There has never been a console generation that has lasted as long as the Xbox 360 and PlayStation 3 era. That’s hardly a breakthrough insight, but it is one that has created an interesting set of circumstances. We’re now in territory every bit as uncharted as a new console generation. Developers and publishers have never been as acquainted as they are right now with the hardware and software development kits they’re using today, and if it’s true that we need to know the box before we can smartly think outside of it, then there has never been a better time for developers to innovate in the true sense.
Nonetheless, sports game franchises should be particularly prone to stagnation in such protracted conditions. Licenses usually require the publisher to bring a new product to market every year, and for a genre with more mainstream appeal than most, it’s been a very long time indeed since sports games have been able to appeal to their broader audiences using that briefest, most powerful message: “This new one looks way better.”
It should be unsurprising that publishers are prepared to confess to a little waywardness – walk for long enough in the desert and anyone can start going in circles. Madden, admits EA Sports boss Andrew Wilson, hasn’t been as innovative as other titles from the label’s stable.
The FIFA series comes to mind immediately. Despite facing similar production conditions, the series has not languished. It defies accusations levelled at other franchises, namely that each edition is a glossy roster update, and on balance, each instalment usually takes more steps forward that it does backward.
Announced at Gamescom, Match Day is a radical step forward for the FIFA series. The feature interlinks the real world of professional football to the game so that FIFA 13’s gameplay more closely reflects the seasons and leagues as they develop.
Factors such as player performance, media speculation, injuries and suspensions will all be updated in-game on a daily basis at no additional cost or subscription, and players will need to keep track of their team’s real world performance in order to best use their team on the field. No doubt it’ll also add a new layer of engagement and significance to watching football on TV as gamers extrapolate events in real-time and consider the effect on their in-game matches.
Perhaps more attractively, in-game commentary will also be updated to reflect events that have occurred in the real world. If a player is injured today, tomorrow, FIFA 13’s in-game commentary can mention that. To demonstrate the system, EA recreated two of the last season’s most memorable matches, Manchester United against Sunderland, and Manchester City against Queen’s Park Rangers. The demonstration switched between the highlights of the two matches, while back in each game, Alan Smith and Martin Tyler relayed important events from the game players aren’t “watching”.
It’s a very welcome and long overdue addition to the world of sports videogames. Clever as some boxed recorded lines may be, they all eventually lose their appeal through repetition, and their relevance over time.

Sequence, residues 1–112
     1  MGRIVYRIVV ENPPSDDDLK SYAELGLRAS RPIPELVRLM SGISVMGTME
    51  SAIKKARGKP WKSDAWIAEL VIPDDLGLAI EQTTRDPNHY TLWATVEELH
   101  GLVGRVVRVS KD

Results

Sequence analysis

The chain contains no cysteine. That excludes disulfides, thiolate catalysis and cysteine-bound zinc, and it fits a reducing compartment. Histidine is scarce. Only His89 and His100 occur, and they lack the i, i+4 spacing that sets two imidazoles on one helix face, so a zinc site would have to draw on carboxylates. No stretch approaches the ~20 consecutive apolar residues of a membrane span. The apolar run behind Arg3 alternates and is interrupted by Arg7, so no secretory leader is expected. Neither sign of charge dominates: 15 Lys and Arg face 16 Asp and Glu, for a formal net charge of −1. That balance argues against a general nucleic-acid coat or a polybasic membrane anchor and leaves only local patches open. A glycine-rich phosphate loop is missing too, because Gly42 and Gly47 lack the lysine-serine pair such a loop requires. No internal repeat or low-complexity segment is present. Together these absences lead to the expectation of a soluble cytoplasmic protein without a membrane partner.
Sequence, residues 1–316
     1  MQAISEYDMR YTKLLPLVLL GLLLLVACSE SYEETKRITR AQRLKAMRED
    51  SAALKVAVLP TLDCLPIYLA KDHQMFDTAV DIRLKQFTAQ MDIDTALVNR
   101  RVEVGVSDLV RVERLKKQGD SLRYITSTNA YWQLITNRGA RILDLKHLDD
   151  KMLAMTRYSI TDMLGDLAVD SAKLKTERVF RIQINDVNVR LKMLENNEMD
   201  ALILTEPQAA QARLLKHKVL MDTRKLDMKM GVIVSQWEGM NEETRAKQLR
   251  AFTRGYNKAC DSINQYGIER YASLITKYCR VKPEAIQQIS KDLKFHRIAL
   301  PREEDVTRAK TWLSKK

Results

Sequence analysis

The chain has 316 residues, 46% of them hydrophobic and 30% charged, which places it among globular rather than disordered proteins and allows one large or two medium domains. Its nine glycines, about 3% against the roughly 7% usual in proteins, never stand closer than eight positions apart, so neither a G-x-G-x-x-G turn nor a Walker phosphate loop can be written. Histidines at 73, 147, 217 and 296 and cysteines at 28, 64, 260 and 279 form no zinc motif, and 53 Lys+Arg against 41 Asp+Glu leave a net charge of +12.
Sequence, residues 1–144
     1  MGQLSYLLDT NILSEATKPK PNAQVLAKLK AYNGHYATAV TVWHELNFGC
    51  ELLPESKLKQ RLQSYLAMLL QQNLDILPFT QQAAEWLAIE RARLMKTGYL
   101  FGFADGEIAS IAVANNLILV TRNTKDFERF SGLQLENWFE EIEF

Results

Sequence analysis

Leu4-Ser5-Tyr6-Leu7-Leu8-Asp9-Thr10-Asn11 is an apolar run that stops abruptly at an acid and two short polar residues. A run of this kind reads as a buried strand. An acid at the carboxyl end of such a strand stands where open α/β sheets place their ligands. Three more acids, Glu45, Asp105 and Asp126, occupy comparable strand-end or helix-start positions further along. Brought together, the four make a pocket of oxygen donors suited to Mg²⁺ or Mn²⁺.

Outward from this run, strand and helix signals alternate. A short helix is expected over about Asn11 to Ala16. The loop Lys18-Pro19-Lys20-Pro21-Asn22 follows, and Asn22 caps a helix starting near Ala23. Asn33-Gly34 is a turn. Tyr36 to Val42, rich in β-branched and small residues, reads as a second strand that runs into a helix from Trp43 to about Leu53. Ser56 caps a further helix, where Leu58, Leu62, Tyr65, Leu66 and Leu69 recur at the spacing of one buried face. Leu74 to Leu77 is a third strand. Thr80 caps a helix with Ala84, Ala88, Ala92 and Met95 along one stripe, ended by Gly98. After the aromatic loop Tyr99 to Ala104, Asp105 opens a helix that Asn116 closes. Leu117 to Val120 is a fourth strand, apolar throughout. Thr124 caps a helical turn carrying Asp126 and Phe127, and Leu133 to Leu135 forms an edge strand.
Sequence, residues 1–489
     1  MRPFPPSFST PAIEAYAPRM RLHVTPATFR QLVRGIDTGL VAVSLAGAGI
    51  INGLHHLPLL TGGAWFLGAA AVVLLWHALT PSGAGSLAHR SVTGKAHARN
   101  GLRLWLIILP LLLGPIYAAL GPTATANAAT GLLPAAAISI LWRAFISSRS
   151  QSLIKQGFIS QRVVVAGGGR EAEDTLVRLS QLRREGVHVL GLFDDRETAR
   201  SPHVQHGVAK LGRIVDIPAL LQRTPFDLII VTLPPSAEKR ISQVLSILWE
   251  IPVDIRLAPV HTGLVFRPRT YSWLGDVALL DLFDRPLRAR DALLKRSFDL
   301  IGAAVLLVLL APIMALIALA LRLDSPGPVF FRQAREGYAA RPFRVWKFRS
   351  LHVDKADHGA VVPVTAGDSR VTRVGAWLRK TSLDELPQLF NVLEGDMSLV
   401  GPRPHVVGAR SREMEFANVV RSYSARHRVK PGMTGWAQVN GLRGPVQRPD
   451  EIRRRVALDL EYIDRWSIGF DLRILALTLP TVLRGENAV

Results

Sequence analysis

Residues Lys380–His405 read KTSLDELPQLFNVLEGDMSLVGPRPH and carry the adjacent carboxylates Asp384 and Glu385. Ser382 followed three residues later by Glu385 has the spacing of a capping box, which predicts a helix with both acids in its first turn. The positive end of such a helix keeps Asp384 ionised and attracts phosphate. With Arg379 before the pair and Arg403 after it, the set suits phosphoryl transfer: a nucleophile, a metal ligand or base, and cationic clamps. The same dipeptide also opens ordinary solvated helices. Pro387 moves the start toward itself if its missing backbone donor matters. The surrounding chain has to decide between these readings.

The extremely popular Head to Head mode has also been overhauled and is how called Seasons. Seasons includes the return of fan-favourite two versus two cooperative online matches over 10-game seasons across all Divisions, and pairs can battle for position in online ladders.
Changes to the Ultimate Team mode, wherein players buy and trade stars to create their dream squad, also includes online matchplay over seasons, with promotions and relegations. A new tutorial system also cleans up some of the more arcane aspects of Ultimate Team, meaning newer players should now be able to ease players into the mode.
FIFA 13 also includes mini-tutorials and drills that can be practised as each match loads. It’s perhaps the smallest feature, but it must be the most welcome. As sports games move closer to true simulation, the controls have become increasingly convoluted. Pick-up-and-play has almost become a thing of the past, particularly in this part of the world where other sporting codes are more popular, and the inability to figure out enough with a mere glance at the manual must impact on the game’s friend-to-friend popularity here.
This greater online functionality is in addition to the raft of new in-game systems previously announced, including smarter attacking AI that computes potential attacking options two moves ahead of the current game, better dribbling control, and first-touch response that takes into account many more factors such as the in-game player’s skill and the power and trajectory of the ball as it’s received, all greatly enhance the level of simulation that is to be delivered with FIFA 13.
Altogether, there appears to be more than enough new ideas and new systems contained within FIFA 13 to earmark it this far out as perhaps the most exciting chapter in the game’s history to date, particularly for those who connect their console to the Internet.
Gamers will be able to experience Match Day when a demo of FIFA 13 releases on the 11th of September on Xbox LIVE and the PlayStation Network. The game releases shortly afterwards for both platforms on the 28th of September.